One note: the recipe for the fig filling calls for fresh figs, and I’m sure if you can get them they would be lovely (personal aside: I think it would be a waste of a fresh fig). Dried figs worked just fine.

Rugelach Pinwheels with Fig Filling
From the Sweet On You Bakery via Smitten Kitchen and from the Pearl Bakery

Dough
1 package (8 ounces) cream cheese, room temperature
1 cup (2 sticks) unsalted butter, cut into small pieces, room temperature
1/4 cup granulated sugar
2 cups sifted all-purpose flour

Filling*
12 ounces (about 2 cups) figs, stemmed and soaked in warm water until plump
2/3 cup currants
3 ounces (about 1 1/4 cups) toasted walnut pieces
Finely grated zest of 1 large orange
1/4 cup firmly-packed light brown sugar
3 tablespoons unsweetened cocoa powder, sifted after measuring
1 teaspoon freshly grated nutmeg
1 teaspoon ground coriander
1/2 teaspoon ground cloves
2/3 cup honey

Topping
1 cup sugar
Any spices you might like to throw in here

* This makes a ton of filling – feel free to halve it, or better yet: make the whole lot of it because it freezes like a dream.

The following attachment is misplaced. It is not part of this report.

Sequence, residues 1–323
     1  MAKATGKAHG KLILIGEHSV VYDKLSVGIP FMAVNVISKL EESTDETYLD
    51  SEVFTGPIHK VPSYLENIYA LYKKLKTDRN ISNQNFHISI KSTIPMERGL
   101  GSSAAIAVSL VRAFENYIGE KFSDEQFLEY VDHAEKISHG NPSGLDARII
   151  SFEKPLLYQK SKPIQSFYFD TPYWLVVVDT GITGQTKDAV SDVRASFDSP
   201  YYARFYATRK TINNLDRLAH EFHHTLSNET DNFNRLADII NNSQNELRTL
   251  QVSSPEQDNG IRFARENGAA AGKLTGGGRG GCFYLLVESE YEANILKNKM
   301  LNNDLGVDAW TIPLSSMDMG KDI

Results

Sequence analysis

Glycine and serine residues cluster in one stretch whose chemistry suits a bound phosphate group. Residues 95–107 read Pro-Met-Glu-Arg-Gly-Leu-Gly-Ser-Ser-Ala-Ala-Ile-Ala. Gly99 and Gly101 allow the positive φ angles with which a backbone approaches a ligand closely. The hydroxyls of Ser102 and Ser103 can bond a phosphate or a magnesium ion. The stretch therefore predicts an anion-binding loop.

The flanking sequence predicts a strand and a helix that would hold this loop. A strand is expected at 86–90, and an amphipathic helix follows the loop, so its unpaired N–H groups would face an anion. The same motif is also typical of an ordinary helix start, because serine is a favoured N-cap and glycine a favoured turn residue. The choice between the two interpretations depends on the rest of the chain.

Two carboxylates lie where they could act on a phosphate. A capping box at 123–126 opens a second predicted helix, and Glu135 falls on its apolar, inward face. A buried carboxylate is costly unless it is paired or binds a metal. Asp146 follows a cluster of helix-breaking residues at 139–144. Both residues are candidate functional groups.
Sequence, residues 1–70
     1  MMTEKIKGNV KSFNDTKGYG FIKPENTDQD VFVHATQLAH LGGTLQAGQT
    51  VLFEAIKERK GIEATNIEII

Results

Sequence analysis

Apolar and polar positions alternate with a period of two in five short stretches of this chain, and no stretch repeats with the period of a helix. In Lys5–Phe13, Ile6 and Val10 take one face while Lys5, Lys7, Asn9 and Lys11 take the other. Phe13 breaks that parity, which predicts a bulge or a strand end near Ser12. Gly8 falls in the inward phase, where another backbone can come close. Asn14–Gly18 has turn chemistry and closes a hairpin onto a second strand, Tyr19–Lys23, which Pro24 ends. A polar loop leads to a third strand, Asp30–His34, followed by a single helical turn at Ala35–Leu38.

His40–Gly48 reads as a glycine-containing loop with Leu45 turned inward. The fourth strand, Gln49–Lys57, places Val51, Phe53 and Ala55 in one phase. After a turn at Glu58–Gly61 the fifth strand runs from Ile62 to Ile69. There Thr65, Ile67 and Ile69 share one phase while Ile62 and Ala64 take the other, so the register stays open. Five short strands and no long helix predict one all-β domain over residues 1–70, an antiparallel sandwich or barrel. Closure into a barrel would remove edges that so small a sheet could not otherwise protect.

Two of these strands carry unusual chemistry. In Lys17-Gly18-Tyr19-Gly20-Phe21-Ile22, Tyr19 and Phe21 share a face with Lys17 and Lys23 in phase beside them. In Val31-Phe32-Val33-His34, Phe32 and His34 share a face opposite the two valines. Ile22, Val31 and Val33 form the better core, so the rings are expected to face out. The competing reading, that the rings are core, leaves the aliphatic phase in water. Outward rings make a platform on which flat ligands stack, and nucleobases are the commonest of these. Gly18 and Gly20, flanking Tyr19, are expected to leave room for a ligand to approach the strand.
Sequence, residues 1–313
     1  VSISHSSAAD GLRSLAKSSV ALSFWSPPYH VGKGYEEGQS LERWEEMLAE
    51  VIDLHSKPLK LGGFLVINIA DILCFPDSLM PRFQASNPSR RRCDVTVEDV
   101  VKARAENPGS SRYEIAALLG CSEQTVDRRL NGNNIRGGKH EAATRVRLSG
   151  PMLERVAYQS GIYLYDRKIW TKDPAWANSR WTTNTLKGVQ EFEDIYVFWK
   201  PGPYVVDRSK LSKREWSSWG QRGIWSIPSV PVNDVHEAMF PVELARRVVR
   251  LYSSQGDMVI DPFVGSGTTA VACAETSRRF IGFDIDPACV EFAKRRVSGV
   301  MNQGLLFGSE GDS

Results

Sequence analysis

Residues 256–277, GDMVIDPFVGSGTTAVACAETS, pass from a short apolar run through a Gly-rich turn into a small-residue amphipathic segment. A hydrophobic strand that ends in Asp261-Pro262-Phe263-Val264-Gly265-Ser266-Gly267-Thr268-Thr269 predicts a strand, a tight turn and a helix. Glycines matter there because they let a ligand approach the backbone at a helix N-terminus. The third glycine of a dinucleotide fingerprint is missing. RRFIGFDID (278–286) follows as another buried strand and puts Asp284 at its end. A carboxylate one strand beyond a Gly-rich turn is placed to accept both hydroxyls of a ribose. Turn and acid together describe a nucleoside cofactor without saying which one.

1. Place cream cheese and butter in the bowl of a food processor and process until smooth and creamy. Add sugar and continue processing until fully incorporated. Add flour and pulse just until dough comes together. Divide dough into 2 equal pieces, wrap with plastic wrap, and refrigerate at least 2 hours.

2. Meanwhile, make filling. Place the figs in a saucepan and cover them with water. Bring just to a simmer over medium heat. Remove from heat, drain, and cool the figs. Once the figs are cooled, combine them in a food processor with the currents, walnuts, and orange zest until finely minced. Add brown sugar, unsweetened cocoa powder, nutmeg, coriander, cloves, and honey; pulse to combine. Taste and adjust. Scrape the filling into a bowl.

3. On a lightly floured surface, roll out 1 piece of dough into a rectangle about 1/8-inch thick. Spread a thin layer of fig filling over dough. Roll dough into a log beginning with one of the long sides; wrap in plastic wrap. Transfer dough log baking sheet. Repeat process with remaining piece of dough. Place dough logs in refrigerator; let chill at least 1 hour.

4. Preheat oven to 350 degrees. Line baking sheets with parchment paper; set aside. Mix together the sugar and spices for the topping; set aside.

5. Slice chilled dough logs crosswise, about 1/4 inch thick. Toss each cookie in the sugar-spice mixture. Place cookies 2 inches apart on prepared baking sheets. Bake until lightly browned, 18 to 20 minutes. Lift parchment paper from baking sheets and transfer to a wire cooling rack; let cool.

6. Hop around in delight.